The produce emporium -- one of the nation's most renowned retailers of exotic fruits and vegetables -- creates its own bad behavior. Kamikaze shoppers crash down crowded aisles without eye contact or apology for fender-benders. So many customers weren't waiting to pay before digging in that management imposed the ultimate deterrent: Those caught sampling without buying will be banned for life -- no reprieves, no excuses. (Not even "I forgot to take my medication.")
Raphael Breines, who was ejected last year for eating on the premises, said he couldn't decide between two types of apricots, so he sampled both. Security stopped him in the parking lot.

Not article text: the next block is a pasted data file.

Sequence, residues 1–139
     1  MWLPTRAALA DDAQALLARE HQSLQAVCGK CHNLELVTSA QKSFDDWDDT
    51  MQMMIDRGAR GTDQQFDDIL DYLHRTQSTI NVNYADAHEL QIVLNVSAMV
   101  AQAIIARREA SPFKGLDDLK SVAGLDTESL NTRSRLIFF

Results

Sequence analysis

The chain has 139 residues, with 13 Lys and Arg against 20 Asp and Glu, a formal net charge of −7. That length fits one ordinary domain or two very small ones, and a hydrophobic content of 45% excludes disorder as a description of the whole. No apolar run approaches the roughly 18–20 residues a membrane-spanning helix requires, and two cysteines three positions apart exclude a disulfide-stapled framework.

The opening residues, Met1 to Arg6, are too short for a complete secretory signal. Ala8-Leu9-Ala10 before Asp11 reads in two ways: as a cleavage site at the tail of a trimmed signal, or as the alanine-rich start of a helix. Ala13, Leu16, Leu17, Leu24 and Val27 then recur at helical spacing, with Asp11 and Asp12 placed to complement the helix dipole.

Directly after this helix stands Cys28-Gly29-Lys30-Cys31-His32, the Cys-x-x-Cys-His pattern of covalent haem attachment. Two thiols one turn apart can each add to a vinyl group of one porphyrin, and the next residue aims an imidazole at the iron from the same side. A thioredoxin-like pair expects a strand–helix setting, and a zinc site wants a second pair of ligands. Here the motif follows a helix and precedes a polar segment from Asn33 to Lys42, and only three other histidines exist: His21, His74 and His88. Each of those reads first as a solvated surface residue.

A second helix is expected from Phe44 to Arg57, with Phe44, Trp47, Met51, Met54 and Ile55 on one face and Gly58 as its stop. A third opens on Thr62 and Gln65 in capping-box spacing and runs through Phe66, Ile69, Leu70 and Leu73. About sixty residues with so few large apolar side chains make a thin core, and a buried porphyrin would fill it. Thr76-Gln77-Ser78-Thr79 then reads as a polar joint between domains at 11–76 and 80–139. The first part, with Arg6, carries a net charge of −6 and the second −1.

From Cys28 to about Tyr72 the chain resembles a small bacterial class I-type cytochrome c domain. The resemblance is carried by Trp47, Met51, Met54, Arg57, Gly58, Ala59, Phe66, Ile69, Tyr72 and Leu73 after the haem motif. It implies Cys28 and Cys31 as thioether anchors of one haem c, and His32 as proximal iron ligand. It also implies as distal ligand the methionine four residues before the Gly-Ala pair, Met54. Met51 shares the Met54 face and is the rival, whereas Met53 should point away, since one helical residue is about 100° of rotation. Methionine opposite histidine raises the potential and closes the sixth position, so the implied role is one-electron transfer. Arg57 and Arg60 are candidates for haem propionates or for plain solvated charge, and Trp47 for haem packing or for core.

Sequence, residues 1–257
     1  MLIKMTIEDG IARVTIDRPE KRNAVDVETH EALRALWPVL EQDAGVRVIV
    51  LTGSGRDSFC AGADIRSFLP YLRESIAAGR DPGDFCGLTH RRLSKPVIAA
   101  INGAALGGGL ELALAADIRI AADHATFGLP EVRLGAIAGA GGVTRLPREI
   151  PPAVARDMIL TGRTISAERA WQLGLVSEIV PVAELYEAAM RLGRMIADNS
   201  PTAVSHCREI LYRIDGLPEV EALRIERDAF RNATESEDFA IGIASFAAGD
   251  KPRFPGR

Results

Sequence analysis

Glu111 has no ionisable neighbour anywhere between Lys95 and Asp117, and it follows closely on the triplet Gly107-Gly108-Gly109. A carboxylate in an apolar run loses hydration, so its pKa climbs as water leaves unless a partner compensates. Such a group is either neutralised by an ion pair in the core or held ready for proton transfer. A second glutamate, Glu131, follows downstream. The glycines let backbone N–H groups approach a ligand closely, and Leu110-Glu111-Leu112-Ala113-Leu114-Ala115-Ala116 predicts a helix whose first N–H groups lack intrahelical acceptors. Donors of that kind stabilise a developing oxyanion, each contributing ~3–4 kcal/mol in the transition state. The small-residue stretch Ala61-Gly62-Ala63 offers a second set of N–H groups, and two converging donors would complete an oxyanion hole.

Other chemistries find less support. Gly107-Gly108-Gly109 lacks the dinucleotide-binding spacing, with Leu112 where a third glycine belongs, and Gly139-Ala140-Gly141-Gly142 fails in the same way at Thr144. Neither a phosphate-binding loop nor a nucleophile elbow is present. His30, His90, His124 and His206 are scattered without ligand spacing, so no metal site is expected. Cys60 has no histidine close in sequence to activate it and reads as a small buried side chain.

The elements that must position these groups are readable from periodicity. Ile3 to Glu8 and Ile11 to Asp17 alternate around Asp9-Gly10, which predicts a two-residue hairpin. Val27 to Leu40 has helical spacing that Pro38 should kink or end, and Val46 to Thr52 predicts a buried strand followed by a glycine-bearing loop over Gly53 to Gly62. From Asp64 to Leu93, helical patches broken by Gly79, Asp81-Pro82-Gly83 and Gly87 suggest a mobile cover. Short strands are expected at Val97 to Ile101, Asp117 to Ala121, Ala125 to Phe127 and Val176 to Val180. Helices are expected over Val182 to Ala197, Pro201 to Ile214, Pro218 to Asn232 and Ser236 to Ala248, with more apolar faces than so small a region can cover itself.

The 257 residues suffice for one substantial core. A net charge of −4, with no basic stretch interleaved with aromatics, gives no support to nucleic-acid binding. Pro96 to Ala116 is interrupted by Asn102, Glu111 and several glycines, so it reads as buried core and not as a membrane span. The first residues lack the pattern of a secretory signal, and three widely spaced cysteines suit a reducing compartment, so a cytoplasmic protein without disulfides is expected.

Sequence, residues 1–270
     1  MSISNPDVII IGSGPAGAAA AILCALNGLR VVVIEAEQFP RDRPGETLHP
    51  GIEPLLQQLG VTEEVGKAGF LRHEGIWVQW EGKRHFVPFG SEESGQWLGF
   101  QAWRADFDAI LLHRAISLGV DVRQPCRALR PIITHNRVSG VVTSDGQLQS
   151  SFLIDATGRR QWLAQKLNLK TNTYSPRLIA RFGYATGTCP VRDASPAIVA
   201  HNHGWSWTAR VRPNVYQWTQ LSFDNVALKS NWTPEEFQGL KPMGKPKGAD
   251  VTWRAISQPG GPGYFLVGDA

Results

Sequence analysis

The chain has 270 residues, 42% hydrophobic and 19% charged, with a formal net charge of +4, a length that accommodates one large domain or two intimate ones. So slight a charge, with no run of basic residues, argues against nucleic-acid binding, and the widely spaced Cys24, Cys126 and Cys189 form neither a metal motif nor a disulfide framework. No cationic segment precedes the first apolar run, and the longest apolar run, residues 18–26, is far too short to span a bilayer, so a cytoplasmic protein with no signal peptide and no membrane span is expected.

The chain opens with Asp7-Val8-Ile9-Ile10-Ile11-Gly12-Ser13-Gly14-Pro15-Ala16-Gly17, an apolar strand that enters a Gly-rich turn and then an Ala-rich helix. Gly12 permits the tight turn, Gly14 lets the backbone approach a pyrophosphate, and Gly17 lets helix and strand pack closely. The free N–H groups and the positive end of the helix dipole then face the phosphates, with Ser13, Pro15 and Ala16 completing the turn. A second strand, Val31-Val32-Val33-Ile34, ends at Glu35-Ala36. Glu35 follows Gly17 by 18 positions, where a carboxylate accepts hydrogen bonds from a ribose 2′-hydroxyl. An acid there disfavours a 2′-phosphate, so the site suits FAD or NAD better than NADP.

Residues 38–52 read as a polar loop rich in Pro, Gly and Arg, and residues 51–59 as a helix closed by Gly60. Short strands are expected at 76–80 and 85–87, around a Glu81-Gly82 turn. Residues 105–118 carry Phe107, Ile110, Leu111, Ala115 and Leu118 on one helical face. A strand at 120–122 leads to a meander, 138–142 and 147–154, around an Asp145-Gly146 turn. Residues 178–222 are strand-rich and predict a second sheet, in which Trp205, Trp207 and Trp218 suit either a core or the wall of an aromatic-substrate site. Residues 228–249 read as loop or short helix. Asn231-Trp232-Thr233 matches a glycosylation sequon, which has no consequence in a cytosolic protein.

"They treated me like a thief," said the 37-year-old park planner, who was photographed and required to sign a no-trespass agreement. "Technically I was stealing, but I wasn't trying to hide anything. I was just deciding which type of apricot to buy."
Breines, a longtime customer, sent an apology letter, asking to be reinstated. His request was denied.
Store manager Larry Evans says the policy is a fair response to doctors, lawyers and college professors who help themselves to bags of cookies, nuts and vitamins, stick their fingers in pies and guzzle from bottles of sake, assuming the rules don't apply to them.
"There's a sense of entitlement to this town," Evans said. "People think, 'If I want to do it, I'll do it, just try and stop me.' "